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Publication numberUS6238315 B1
Publication typeGrant
Application numberUS 09/464,763
Publication dateMay 29, 2001
Filing dateDec 16, 1999
Priority dateDec 16, 1999
Fee statusLapsed
Also published asDE10062650A1
Publication number09464763, 464763, US 6238315 B1, US 6238315B1, US-B1-6238315, US6238315 B1, US6238315B1
InventorsDavid Marshall Morse, Jun Yoshioka
Original AssigneeDavid Marshall Morse, Jun Yoshioka
Export CitationBiBTeX, EndNote, RefMan
External Links: USPTO, USPTO Assignment, Espacenet
Hydraulic coupling for vehicle drivetrain
US 6238315 B1
Abstract
A control valve of a hydraulic coupling controls pumping through a casing inlet port by a hydraulic pump and/or through a casing outlet port to control coupling between two rotary members such as by operation of a clutch. The casing is connected to one of the rotary members while a pumping component embodied by an impeller is connected to the other rotary member and meshed with an internal ring gear having one more tooth than the number of impeller teeth to provide sufficient pumping capacity so that the pump can act as a brake while still having relatively constant pumping pressure. The control valve includes a valve system through which pressurized hydraulic fluid selectively flows to control the coupling of the pair of rotary members. The instant invention provides a thin-plate check valve and pressure port stack which creates a hydraulic flow path for a gerotor pump and maintains pressure equalization about the gerotor pump. The thin-plate check valve and pressure port stack comprises a series of relatively thin circular plates assembled in a stacked arrangement, including a spring plate and a seal plate which interface to create a check valve assembly, a port plate which provides a pocket to equalize pressure in different areas of the gerotor pump and a limiter plate which prevents the spring arm from being damages by a vacuum and which prevents the spring arm from over-travel and deformation. The number and/or thickness of the port plates determine how far the spring arm can travel under pressure. The plates forming the stack of this invention are relatively large when compared to prior known check valve arrangements and, therefore, are easy to handle and assemble. The plates also provide pressure equalization about the gerotor pump while eliminating relatively expensive machining in the differential case required for conventional valve arrangements.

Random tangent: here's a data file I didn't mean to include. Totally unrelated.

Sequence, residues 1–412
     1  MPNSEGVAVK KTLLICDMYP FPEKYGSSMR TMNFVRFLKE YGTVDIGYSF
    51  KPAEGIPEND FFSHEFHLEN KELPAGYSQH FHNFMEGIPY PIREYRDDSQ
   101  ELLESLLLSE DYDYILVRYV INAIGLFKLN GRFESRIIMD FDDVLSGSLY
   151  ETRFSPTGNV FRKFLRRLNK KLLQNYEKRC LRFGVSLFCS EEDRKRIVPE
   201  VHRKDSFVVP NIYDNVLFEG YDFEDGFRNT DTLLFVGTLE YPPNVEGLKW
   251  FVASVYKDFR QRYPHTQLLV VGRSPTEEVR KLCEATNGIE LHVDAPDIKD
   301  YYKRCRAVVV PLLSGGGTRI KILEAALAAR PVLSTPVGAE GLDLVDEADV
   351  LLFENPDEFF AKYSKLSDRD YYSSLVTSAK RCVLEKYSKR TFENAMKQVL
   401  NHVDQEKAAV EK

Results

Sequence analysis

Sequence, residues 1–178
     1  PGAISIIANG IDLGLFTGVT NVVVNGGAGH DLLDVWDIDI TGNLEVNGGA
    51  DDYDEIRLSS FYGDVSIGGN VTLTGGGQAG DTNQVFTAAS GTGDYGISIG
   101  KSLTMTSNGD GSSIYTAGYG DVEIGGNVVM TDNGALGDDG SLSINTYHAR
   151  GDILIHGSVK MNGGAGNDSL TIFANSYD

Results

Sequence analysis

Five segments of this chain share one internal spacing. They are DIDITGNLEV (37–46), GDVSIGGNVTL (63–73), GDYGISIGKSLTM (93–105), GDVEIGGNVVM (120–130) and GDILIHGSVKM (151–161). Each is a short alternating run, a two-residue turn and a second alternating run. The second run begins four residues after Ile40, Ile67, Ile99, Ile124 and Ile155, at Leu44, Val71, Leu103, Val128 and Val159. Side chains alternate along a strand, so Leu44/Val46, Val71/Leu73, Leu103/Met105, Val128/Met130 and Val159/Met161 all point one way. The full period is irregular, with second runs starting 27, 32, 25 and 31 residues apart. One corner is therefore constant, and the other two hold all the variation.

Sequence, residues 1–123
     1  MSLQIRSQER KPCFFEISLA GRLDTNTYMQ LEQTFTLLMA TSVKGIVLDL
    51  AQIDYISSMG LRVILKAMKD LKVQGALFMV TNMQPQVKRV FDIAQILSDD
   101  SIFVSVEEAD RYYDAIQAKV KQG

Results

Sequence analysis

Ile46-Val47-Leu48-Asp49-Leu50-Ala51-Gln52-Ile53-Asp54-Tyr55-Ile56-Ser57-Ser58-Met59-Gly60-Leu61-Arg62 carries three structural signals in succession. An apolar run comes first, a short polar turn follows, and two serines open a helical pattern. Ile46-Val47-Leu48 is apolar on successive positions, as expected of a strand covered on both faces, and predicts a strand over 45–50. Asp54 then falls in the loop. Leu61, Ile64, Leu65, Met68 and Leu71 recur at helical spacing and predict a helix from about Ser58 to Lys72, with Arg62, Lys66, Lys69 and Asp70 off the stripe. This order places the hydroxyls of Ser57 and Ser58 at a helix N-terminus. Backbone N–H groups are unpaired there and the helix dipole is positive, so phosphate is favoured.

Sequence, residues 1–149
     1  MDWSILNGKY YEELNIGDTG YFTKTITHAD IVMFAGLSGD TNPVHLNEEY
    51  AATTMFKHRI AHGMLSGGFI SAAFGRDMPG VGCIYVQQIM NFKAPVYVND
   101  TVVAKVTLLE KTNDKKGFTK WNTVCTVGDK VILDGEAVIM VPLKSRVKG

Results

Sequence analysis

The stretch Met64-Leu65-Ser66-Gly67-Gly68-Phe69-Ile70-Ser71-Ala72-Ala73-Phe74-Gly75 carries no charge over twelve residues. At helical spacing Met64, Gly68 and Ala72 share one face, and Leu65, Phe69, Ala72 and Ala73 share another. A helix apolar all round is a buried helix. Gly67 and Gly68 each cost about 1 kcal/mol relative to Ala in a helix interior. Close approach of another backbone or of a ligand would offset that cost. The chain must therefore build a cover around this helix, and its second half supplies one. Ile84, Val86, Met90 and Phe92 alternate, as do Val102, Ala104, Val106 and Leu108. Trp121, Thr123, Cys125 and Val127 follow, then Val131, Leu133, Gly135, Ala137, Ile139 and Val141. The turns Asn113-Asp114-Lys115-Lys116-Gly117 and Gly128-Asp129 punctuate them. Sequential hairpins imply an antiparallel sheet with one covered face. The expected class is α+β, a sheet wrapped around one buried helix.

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Claims(20)
What is claimed is:
1. A check valve system through which pressurized hydraulic fluid selectively flows, said check valve system comprising:
at least one disk-shaped seal plate comprising at least one seal plate aperture passing therethrough;
a disk-shaped spring plate comprising at least one spring plate aperture and a cantilevered spring arm disposed within said aperture, said spring plate being disposed adjacent to said seal plate;
at least one disk-shaped port plate comprising at least one port plate aperture passing therethrough, said port plate being disposed adjacent to said spring plate such that said spring arm is aligned with said port plate aperture; and
at least one limiter plate limiting movement of said spring arm,
wherein said seal plate and said spring plate define a check valve, and said port plate and said limiter plate define operating parameters for said check valve.
2. The check valve system of claim 1, wherein at least one of said seal plate, said spring plate, said port plate and said limiter plate is circular in shape.
3. The check valve system of claim 1, wherein each of said seal plate, said spring plate, said port plate and said limiter plate are circular in shape.
4. The check valve system of claim 1, wherein said check valve system controls delivery of fluid driven by a gerotor pump.